including measurable requirements or specifying the mitigation measures to
be put in place to ensure that noise levels do not exceed any limits specified
in the development consent.

Mitigation
5.11.11

The IPC should consider whether mitigation measures are needed both for
operational and construction noise over and above any which may form part
of the project application. In doing so the IPC may wish to impose
requirements. Any such requirements should take account of the guidance
set out in Circular 11/95 (see Section 4.1) or any successor to it.

5.11.12

Mitigation measures may include one or more of the following:

5.11.13

engineering: reduction of noise at point of generation and containment of


noise generated;
lay-out: adequate distance between source and noise-sensitive
receptors; incorporating good design to minimise noise transmission
through screening by natural barriers, or other buildings; and
administrative: restricting activities allowed on the site; specifying
acceptable noise limits; and taking into account seasonality of wildlife in
nearby designated sites.

In certain situations, and only when all other forms of noise mitigation have
been exhausted, it may be appropriate for the IPC to consider requiring
noise mitigation through improved sound insulation to dwellings.

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Overarching National Policy Statement for Energy (EN-1)

5.12

Socio-economic

Introduction
5.12.1

The construction, operation and decommissioning of energy infrastructure


may have socio-economic impacts at local and regional levels. Parts 2 and 3
of this NPS set out some of the national level socio-economic impacts.

Applicants assessment
5.12.2

Where the project is likely to have socio-economic impacts at local or


regional levels, the applicant should undertake and include in their
application an assessment of these impacts as part of the ES (see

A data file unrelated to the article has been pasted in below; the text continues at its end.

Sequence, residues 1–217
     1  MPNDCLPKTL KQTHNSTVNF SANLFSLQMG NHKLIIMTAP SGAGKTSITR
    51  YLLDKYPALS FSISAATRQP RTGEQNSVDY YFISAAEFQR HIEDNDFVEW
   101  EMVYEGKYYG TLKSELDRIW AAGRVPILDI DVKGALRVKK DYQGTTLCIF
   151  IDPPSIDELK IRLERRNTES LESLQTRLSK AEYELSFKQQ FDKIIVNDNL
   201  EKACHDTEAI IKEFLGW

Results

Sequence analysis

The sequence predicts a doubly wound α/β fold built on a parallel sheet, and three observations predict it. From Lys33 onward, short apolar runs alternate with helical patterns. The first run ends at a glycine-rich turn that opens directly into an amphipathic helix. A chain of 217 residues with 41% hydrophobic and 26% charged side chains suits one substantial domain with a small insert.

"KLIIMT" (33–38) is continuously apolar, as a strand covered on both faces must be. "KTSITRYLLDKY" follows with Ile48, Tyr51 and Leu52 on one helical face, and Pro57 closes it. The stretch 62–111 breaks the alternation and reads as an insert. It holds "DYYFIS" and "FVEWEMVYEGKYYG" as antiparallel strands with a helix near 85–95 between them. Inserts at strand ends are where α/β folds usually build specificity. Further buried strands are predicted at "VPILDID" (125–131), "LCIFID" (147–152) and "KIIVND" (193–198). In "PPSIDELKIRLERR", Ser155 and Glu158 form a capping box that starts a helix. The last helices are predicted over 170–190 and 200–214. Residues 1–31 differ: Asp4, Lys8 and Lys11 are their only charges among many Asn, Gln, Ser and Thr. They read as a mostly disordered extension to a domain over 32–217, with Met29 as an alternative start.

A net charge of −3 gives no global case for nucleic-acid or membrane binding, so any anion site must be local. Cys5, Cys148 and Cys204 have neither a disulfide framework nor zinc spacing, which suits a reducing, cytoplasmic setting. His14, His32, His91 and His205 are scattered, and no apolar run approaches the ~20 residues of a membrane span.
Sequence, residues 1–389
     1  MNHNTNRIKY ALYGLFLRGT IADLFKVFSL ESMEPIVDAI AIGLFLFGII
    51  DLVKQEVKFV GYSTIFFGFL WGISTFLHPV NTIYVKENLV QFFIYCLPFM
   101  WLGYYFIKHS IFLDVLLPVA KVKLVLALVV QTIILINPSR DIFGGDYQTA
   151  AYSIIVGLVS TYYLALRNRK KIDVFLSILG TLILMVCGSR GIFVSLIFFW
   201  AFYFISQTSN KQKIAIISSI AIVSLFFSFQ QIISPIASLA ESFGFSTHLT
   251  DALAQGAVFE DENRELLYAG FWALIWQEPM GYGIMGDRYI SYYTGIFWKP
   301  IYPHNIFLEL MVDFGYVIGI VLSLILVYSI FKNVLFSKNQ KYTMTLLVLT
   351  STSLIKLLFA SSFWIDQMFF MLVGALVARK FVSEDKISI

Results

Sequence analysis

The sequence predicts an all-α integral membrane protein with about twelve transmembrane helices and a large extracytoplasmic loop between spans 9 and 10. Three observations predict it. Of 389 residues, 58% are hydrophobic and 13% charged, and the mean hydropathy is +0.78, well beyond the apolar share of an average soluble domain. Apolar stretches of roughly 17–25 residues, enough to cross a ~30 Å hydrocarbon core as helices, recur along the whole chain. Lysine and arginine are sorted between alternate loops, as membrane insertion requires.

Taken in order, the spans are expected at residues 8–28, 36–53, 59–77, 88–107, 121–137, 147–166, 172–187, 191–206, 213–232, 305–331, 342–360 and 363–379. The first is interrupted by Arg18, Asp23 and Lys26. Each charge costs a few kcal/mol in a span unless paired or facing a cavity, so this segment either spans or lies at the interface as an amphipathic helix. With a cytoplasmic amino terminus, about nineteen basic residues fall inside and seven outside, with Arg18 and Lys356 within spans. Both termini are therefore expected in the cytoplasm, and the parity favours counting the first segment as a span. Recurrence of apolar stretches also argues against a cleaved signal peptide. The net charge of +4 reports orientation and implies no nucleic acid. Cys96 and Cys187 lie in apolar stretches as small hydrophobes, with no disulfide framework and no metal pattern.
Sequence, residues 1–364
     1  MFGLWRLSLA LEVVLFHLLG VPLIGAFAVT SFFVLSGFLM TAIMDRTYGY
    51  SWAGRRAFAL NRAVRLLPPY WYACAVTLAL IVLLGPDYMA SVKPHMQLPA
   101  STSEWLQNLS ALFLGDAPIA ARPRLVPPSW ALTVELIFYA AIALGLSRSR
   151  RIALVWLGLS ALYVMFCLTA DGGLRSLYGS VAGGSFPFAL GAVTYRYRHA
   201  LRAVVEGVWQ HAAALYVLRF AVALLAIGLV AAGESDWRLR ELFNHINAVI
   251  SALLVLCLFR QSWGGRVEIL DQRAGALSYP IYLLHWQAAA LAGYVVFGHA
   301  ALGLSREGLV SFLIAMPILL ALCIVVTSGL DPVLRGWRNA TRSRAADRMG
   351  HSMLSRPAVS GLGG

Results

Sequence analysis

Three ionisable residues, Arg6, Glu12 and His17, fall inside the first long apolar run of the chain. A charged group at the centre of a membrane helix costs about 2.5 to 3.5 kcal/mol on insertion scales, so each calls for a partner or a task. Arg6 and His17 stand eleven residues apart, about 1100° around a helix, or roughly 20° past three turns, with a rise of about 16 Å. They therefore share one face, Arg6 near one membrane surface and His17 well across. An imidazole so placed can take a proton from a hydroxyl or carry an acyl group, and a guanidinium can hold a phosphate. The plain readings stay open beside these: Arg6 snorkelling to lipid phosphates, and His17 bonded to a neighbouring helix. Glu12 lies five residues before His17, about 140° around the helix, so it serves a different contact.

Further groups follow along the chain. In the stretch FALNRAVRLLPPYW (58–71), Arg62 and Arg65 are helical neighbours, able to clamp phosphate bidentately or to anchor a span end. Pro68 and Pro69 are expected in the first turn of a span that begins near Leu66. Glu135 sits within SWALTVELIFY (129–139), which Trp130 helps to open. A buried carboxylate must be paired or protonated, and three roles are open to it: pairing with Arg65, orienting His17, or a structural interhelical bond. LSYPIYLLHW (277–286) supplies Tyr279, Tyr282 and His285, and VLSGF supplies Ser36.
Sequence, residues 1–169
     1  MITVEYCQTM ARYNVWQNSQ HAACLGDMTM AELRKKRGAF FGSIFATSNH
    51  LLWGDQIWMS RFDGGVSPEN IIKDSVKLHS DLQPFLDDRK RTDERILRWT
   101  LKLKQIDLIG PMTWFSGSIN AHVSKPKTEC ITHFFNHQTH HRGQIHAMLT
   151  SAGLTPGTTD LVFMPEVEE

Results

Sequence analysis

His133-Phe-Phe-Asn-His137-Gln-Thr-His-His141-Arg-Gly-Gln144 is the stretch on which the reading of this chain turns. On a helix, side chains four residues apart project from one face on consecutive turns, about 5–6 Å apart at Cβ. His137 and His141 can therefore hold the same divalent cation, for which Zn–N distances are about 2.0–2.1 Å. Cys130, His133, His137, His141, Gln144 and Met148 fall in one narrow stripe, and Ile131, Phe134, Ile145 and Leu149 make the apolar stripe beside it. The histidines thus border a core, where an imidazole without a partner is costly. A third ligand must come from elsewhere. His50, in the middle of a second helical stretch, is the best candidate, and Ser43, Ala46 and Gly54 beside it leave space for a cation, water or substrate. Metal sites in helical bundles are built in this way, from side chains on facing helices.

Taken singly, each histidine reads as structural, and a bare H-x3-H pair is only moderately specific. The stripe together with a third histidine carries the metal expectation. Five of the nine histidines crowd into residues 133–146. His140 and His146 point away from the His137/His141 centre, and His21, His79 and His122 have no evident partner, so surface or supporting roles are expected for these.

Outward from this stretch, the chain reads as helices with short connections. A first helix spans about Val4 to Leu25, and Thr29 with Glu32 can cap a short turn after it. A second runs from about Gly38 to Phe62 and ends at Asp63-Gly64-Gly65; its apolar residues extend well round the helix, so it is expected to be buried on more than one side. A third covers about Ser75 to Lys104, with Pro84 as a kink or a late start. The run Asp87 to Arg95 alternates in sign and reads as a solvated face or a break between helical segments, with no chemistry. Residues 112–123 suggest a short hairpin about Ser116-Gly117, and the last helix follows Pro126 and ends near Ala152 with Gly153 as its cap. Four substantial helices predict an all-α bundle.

Section4.2).

5.12.3

This assessment should consider all relevant socio-economic impacts, which


may include:

the creation of jobs and training opportunities;


the provision of additional local services and improvements to local
infrastructure, including the provision of educational and visitor facilities;
effects on tourism;
the impact of a changing influx of workers during the different
construction, operation and decommissioning phases of the energy
infrastructure. This could change the local population dynamics and could
alter the demand for services and facilities in the settlements nearest to
the construction work (including community facilities and physical
infrastructure such as energy, water, transport and waste). There could
also be effects on social cohesion depending on how populations and
service provision change as a result of the development; and
cumulative effects if development consent were to be granted to for a
number of projects within a region and these were developed in a similar
timeframe, there could be some short-term negative effects, for example
a potential shortage of construction workers to meet the needs of other
industries and major projects within the region.

5.12.4

Applicants should describe the existing socio-economic conditions in the


areas surrounding the proposed development and should also refer to how
the developments socio-economic impacts correlate with local planning
policies.

5.12.5

Socio-economic impacts may be linked to other impacts, for example the


visual impact of a development is considered in Section 5.9 but may also
have an impact on tourism and local businesses.

IPC decision making


5.12.6

The IPC should have regard to the potential socio-economic impacts of new
energy infrastructure identified by the applicant and from any other sources
that the IPC considers to be both relevant and important to its decision.

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Overarching National Policy Statement for Energy (EN-1)

5.12.7

The IPC may conclude that limited weight is to be given to assertions of


socio-economic impacts that are not supported by evidence (particularly in
view of the need for energy infrastructure as set out in this NPS).

5.12.8

The IPC should consider any relevant positive provisions the developer has
made or is proposing to make to mitigate impacts (for example through
planning obligations) and any legacy benefits that may arise as well as any
options for phasing development in relation to the socio-economic impacts.

Mitigation
5.12.9

The IPC should consider whether mitigation measures are necessary to


mitigate any adverse socio-economic impacts of the development. For
example, high quality design can improve the visual and environmental